5 Biggest Causes Of "Agent Effort" Within The Contact Centre (And Why They Matter)

Brian Cantor

“Customer effort” is undeniably one of the hottest talking points within the customer contact community.  Organisations big and small understand the pivotal importance of making it easy for customers to do business.

Particularly savvy organisations will not, however, fixate on the word “customer.”  They will instead consider the broader notion of “effort.”

Thanks to that mindset, they will recognise the impact agent effort has on contact centre performance.  More importantly, they will work to reduce the factors that create difficult, frustrating employee experiences.

At the upcoming CCW Australia, speakers, solution providers and attendees will explore opportunities to spot and eliminate sources of agent effort.  To help with that quest, we have provided insight into why “agent effort” matters -- and which aspects of the contact centre tend to create the most frustration.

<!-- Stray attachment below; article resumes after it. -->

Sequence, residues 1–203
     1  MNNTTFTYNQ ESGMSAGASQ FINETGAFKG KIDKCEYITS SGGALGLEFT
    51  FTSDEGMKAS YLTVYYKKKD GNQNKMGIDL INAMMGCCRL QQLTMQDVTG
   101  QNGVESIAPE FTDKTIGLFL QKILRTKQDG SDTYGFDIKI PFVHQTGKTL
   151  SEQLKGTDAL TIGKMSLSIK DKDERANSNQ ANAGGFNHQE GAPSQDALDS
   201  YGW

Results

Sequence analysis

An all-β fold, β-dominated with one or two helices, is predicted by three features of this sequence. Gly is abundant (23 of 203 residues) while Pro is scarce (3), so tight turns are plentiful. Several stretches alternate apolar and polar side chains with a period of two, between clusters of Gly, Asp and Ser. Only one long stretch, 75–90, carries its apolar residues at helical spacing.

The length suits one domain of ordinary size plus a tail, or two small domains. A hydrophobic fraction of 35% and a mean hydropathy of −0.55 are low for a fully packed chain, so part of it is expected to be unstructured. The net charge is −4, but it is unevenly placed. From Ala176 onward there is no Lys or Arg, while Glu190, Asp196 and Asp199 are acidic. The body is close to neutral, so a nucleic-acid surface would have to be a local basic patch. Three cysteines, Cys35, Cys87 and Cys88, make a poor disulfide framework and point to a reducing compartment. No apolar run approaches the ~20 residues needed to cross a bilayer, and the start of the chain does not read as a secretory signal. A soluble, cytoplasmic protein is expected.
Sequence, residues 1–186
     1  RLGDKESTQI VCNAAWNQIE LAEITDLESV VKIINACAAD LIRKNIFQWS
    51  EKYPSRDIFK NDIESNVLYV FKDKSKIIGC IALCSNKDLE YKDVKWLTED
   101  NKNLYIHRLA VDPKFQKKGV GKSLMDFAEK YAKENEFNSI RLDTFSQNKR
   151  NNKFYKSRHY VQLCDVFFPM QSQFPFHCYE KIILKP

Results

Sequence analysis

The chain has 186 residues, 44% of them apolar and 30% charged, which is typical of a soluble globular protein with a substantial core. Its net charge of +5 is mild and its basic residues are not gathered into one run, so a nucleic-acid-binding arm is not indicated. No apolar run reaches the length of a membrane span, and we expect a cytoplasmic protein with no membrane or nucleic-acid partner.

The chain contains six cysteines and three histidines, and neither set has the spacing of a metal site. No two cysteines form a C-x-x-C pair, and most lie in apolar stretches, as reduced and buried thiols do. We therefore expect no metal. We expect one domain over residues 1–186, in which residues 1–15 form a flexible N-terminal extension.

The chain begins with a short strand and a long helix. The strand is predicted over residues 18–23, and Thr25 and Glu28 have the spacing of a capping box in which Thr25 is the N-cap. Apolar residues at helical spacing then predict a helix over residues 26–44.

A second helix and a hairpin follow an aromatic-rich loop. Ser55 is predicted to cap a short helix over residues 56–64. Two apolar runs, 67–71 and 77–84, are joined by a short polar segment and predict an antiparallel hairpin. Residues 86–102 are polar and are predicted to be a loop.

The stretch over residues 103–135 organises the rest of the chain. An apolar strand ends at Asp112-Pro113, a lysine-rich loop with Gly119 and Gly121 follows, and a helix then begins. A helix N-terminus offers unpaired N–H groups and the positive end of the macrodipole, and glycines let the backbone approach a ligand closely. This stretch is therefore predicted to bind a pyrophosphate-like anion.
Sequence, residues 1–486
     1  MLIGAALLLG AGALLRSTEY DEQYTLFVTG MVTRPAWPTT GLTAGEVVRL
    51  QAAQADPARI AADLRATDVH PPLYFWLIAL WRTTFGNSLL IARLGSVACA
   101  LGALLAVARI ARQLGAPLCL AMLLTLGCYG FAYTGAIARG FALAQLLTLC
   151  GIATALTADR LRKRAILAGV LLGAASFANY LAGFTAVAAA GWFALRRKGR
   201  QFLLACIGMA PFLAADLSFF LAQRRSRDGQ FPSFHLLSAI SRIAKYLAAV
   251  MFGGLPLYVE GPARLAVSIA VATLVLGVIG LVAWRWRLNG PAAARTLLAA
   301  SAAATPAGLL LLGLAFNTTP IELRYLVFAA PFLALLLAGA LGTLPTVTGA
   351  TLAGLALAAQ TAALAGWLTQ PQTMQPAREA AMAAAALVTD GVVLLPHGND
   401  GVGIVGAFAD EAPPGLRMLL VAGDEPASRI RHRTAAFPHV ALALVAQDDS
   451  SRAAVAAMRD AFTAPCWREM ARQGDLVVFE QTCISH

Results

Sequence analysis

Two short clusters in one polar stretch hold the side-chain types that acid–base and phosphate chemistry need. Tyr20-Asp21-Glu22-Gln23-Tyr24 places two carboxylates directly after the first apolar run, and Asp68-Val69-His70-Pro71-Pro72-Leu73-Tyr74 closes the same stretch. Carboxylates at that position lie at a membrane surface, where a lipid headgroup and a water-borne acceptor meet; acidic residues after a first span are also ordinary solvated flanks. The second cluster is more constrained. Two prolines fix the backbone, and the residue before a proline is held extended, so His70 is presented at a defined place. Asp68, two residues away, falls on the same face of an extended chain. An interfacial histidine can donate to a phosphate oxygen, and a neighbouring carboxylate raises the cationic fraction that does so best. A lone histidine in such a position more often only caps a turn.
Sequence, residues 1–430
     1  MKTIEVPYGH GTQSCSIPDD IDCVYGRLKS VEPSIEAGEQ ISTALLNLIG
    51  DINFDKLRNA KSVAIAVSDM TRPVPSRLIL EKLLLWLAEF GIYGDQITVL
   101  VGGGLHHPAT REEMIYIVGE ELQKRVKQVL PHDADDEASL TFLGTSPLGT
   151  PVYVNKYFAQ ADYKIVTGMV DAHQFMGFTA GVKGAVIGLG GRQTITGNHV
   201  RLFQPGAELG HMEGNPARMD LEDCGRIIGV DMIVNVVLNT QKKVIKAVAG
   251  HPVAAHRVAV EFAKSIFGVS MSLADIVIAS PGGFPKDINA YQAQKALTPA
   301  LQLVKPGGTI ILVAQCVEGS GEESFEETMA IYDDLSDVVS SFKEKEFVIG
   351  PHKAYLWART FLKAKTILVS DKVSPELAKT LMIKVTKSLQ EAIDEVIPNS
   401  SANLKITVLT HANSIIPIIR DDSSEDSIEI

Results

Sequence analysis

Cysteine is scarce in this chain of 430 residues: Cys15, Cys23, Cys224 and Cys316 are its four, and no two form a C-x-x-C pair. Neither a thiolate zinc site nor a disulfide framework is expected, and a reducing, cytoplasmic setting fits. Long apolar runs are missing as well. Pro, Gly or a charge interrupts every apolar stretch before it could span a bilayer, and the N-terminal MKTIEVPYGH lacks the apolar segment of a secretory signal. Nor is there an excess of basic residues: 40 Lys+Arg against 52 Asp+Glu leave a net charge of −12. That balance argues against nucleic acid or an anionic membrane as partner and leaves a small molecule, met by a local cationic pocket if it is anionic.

Why “agent effort” matters

A satisfied, engaged team of agents is the key to a great customer experience.  “Happy agents = happy customers” may be an overused cliche, but it is also an accurate piece of advice.  By subjecting agents to frustrating tasks, the organisation reduces their happiness -- and thus hurts the customer experience.

Agent retention justifiably represents a top contact centre goal.  Frustrated agents are more inclined to depart the organisation.  When they do, they take their valuable knowledge and experience with them.  They also force the organisation to spend additional money on recruiting, onboarding and training.

Contact centre inefficiencies hurt the business.  When agents have to devote undue effort to each interaction, talk time rises and call count falls.  As a consequence, the operation becomes more costly.

Difficult agent experiences hurt the customer.  At the end of the day, customers are ultimately demanding quick, simple interactions.  80%, in fact, prefer fast and easy experiences to “personalised” ones. When agents have to go through cumbersome processes to support customers, they cannot deliver on this demand.  They instead subject customers to slow, frustrating interactions.